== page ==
spoonerism

[spoo-nuh-riz-uhm]
noun
the transposition of initial or other sounds of words, usually by accident, as in a blushing crow for a crushing blow.

Origin:
1895–1900; after W. A. Spooner (1844–1930), English clergyman noted for such slips; see -ism

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Based on the Random House Dictionary, © Random House, Inc. 2014.
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Collins
World English Dictionary
spoonerism (ˈspuːnəˌrɪzəm)
 
n
the transposition of the initial consonants or consonant clusters of a pair of words, often resulting in an amusing ambiguity of meaning, such as hush my brat for brush my hat
 
[C20: named after W. A. Spooner (1844--1930), English clergyman renowned for slips of this kind]

Collins English Dictionary - Complete & Unabridged 10th Edition
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Etymonline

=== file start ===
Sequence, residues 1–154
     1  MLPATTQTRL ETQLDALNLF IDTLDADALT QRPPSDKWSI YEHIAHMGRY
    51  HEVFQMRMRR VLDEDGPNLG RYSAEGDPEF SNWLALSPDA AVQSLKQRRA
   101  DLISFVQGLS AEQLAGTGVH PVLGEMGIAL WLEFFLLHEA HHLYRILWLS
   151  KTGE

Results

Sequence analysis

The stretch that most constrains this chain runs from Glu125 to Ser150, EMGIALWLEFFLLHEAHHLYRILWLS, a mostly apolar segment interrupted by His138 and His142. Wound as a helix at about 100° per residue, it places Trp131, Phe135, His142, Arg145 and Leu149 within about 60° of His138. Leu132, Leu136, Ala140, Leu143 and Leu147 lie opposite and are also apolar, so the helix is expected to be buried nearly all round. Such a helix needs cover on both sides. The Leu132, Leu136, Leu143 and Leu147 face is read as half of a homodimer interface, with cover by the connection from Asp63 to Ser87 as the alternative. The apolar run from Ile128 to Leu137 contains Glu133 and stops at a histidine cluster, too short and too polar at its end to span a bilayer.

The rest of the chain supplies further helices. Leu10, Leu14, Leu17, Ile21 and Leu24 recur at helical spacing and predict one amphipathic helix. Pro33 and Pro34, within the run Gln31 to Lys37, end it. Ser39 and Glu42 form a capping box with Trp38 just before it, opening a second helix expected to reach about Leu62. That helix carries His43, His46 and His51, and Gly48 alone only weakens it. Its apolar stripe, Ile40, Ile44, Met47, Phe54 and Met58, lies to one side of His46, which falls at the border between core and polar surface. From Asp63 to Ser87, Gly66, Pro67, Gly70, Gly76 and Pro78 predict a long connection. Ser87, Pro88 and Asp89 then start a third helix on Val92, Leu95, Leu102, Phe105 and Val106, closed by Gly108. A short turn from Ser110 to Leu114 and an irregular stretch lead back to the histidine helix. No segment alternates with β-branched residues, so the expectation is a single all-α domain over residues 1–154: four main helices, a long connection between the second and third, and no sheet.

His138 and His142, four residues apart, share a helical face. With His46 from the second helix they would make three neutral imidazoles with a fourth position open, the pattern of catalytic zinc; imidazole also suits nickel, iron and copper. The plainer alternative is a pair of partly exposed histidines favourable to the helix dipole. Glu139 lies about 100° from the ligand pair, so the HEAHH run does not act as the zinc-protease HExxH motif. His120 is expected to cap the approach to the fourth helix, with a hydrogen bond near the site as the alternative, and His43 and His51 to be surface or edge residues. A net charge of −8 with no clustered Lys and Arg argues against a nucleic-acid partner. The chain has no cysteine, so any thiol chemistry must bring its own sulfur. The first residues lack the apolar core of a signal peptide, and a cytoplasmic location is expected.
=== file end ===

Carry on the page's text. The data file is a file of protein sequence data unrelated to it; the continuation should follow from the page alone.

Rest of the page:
Word Origin & History

spoonerism
1900, but perhaps as early as 1885, involuntary transposition of sounds in two or more words (cf. "a well-boiled icicle" for "a well-oiled bicycle;" "scoop of boy trouts" for "troop of Boy Scouts"), in allusion to the Rev. William A. Spooner (1844-1930), warden of New College, Oxford, who was famous
for such mistakes.
Online Etymology Dictionary, © 2010 Douglas Harper
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American Heritage
Cultural Dictionary

spoonerism definition


A reversal of sounds in two words, with humorous effect. Spoonerisms were named after William Spooner, an English clergyman and scholar of the late nineteenth and early twentieth centuries. In one spoonerism attributed to him, he meant “May I show you to another seat?” but said, “May I sew you to another sheet?”

The American Heritage® New Dictionary of Cultural Literacy, Third Edition
Copyright © 2005 by Houghton Mifflin Company.
Published by Houghton Mifflin Company. All rights reserved.
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Example sentences
Spoonerism is a result of an affliction causing the transposition of word elements, usually in speech.
He also transposes letters to create new words, and serves up the odd spoonerism.
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